PKMN [pac-man]

Artist selected by López Munuera, Iván at 2010
More artist content updated at 2016

PKMN [pac-man] is an architecture and design office and collective set up in Madrid in 2006 as an open group for producing and applying architectural and multidisciplinary thought, tools and projects by carrying out theoretical and practical forays into subjects, concepts and realities such as action, city, construction, body, identity, marketing, communication and memory.


As a collective of individuals, our architectural, artistic or simply creative work is the sum of ourselves… as are our answers to this questionnaire.


1. What made you choose art as a profession?
You often get to where you are by coincidence. What you end up doing gradually takes shape over time and none of us are doing what we imagined we’d be doing some years ago. I’m also not sure that what we do is art, but your affinities are important and influence what you do. Your work takes on the form of things you like and have around you, and we’re surrounded by stimuli we keep in our life experience that appear when we’re thinking up a project, whether we want to or not…


During my fairly quiet teenage years, numbed by myself and the national education system, I decided to pursue a respectable, entertaining and highly lucrative profession and make my parents proud of me. However, things change and I gradually discovered that what I’d thought of as simply entertaining was extremely stimulating and financially unsustainable, much to the chagrin of my family.


I still haven’t chosen yet…


I’m doing this purely by chance.


2. How would you define your work?
I think what defines our work is our way of working. We put a possible project on the table and then there’s this kind of infectious, inspiring energy that sparks new situations. We’re not conformists. Someone once called us Romantic Activists. That’s us.


A masterpiece.


We try to look for opportunities and do things… that’s it. When you do them, small things become something bigger than you and prove they have a life of their own outside your head.


My work isn’t mine; it’s ours and sometimes everyone’s.


I’d never define our professional work as artistic… Sometimes it’s even difficult for us to give an overview of what we do. We experiment with the limits of architecture and people’s ability to create it. We try to escape from the idea of the specialist as the only player in building a city, and look for the means to promote the public’s involvement in processes we think should be collective, shared decisions taken by each and every one of the city’s users. Architectural practice and participation should be about more than whether or not residents like the new paving in the square or the new streetlamps. Part of our contribution is almost pedagogical or at least aims to motivate more conscious public initiatives.


3. What subjects are you interested in?
Exchanging information. Working with people from different places and different backgrounds. The less you know about what’s ahead of you, the more you learn. Identity as an engine. The marks that define us and keep us moving. Catalogues. Fun. Making each decision as least boring as possible.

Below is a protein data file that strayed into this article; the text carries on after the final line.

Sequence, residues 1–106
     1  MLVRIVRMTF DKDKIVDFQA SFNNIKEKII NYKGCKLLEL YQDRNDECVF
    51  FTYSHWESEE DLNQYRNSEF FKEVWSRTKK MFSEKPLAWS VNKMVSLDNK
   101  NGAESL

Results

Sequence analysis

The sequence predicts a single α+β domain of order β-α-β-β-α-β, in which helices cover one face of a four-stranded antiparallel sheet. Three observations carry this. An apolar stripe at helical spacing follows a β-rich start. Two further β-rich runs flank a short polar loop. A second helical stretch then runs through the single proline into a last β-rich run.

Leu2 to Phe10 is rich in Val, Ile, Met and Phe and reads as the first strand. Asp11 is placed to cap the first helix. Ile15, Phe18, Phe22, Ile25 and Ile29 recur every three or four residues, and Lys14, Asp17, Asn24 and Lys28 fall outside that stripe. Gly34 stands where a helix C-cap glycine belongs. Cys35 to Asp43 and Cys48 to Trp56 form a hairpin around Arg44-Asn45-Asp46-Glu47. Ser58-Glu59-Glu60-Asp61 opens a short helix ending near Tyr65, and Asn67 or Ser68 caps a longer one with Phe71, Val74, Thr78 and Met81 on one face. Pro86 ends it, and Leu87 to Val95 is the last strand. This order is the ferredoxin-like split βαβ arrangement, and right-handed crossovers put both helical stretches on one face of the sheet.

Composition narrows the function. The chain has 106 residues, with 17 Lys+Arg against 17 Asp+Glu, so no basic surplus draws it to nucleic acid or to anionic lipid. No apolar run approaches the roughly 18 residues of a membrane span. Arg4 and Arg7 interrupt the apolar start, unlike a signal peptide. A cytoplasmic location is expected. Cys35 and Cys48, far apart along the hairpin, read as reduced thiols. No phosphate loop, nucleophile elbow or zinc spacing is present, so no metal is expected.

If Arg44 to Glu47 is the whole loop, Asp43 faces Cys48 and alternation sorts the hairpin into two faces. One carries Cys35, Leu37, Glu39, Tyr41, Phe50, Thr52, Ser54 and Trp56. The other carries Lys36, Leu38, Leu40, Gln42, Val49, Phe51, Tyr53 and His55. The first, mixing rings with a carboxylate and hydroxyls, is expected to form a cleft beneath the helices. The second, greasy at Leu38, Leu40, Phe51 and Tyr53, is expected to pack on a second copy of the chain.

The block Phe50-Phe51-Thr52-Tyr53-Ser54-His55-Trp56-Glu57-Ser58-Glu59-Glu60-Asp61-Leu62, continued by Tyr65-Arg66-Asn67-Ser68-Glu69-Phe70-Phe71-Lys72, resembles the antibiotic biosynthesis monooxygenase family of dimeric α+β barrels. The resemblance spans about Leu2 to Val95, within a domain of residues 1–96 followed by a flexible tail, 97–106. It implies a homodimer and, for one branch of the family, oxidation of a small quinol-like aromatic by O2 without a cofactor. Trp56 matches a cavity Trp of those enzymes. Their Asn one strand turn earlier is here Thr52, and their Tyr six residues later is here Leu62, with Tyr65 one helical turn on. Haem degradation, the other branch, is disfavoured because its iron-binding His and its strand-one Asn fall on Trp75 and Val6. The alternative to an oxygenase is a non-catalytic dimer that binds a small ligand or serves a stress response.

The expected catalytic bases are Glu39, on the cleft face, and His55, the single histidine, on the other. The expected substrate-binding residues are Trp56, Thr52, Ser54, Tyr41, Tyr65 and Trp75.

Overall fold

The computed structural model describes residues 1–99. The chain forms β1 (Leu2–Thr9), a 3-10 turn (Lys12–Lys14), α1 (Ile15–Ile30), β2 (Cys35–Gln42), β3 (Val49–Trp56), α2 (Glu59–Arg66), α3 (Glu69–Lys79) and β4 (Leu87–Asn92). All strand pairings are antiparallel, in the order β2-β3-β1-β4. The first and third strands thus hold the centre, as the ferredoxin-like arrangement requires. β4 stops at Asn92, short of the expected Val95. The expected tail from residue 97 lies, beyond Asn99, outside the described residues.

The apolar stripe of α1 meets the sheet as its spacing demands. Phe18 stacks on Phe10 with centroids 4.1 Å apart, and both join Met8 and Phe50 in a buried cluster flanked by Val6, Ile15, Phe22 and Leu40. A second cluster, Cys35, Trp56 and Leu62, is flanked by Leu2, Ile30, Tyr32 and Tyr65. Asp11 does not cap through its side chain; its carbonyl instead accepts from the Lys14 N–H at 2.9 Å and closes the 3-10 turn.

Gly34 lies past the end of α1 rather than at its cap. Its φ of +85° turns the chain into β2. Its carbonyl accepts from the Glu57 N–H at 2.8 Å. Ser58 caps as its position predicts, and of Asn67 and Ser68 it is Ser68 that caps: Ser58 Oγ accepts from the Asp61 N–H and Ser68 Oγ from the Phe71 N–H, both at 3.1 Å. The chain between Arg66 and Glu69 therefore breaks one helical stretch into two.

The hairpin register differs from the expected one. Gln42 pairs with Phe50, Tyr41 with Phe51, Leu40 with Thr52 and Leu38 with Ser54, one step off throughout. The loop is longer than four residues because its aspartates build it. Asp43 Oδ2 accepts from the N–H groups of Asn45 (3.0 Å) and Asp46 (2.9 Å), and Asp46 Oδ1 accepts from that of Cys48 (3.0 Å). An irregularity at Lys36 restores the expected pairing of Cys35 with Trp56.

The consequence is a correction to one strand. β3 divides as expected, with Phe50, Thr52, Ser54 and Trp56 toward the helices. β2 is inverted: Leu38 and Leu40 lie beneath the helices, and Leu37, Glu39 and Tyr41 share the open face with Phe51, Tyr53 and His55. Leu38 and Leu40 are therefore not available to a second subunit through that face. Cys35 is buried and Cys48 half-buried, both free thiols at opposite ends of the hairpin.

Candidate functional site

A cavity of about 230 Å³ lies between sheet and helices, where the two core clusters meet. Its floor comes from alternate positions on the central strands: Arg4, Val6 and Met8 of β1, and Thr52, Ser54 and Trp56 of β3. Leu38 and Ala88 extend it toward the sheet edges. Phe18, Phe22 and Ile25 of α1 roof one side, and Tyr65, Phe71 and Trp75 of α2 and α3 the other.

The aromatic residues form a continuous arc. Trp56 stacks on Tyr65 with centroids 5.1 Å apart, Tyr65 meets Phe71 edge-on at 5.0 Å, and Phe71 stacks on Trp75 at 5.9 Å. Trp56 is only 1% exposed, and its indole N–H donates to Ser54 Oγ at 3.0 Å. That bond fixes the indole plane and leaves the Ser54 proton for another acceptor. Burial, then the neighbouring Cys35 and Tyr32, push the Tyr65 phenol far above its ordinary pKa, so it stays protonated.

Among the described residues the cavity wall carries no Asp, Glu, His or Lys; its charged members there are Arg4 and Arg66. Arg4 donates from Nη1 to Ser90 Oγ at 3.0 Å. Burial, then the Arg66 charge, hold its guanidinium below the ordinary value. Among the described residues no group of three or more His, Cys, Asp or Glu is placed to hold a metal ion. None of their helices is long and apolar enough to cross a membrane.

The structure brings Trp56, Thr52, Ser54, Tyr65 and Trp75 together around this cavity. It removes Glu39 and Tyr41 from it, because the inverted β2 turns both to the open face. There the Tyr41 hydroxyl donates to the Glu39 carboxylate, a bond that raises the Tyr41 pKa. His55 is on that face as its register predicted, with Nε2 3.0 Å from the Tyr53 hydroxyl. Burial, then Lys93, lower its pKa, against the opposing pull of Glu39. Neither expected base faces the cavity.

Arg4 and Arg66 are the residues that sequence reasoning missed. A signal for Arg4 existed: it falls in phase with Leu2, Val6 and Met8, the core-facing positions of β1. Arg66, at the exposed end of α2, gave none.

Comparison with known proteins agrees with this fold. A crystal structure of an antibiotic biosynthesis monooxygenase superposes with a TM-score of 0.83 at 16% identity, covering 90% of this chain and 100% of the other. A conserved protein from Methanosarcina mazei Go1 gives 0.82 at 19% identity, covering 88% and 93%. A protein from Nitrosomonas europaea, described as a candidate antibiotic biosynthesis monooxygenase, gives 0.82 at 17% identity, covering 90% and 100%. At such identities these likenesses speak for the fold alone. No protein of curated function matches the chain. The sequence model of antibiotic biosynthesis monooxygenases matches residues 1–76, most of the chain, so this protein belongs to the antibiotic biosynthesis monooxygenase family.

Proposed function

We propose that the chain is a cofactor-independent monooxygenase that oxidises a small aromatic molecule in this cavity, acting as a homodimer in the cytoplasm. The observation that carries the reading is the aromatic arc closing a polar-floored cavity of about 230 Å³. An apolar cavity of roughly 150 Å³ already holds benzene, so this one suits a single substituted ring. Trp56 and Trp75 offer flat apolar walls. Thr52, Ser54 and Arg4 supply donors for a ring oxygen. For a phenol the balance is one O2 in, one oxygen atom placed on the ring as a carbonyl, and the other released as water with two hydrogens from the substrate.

Taking objects and identity out of context. You end up throwing out ritual symbolism, even religious, and yet constantly come back to it. Individuals are so powerful… the city needs more individualism. We try to make the most out of social, cultural and economic situations unrelated to architecture and transform them for architectural purposes.


Action, exchange, dialogue, intervention, context, adapting, having fun…


4. What resources – formal or otherwise – do you use in your work?
Stop-motion, always lively background music, the combination of green and pink, nonconformity, Japanese fabrics and paper, provocation, cameos, table games and role-playing games…
The time economy in modern-day society shifts architecture away from being integrated in more spontaneous, fast, trail-and-error processes. However, the city and ways of using it are constantly changing at breakneck speed. We try to accelerate situations of change through direct action on the space.


Cheap labour, caffeinated drinks and peanuts.


5. What relationship does your work have with reality? What are your raw materials?
Our work is very human.


A major part is the search for identity, getting the public involved from the point of view of their image, their desires and not as a YES or NO, a number or code…


We often work directly with people and places.


6. What, according to you, is the point of art?
For me personally, art helps me see the best in people and get the best out of me. It inspires me, helps me concentrate and brings me closer to other thoughts and makes me learn. “Art is everything you can learn”; the point of art is learning.


The point of art is to separate poetry and money.


Plenty of ink has already been spilt on this subject; I don’t think I can say anything useful in two lines.
I read somewhere that art is the ability to make free, meaningful, delicate ties with aspects of your experience. Art tends to disappear or rather become less elite when it doesn’t need specific, stipulated places, circuits or exhibitions…


7. How do you hope the public will receive your work? What audience are you aiming at?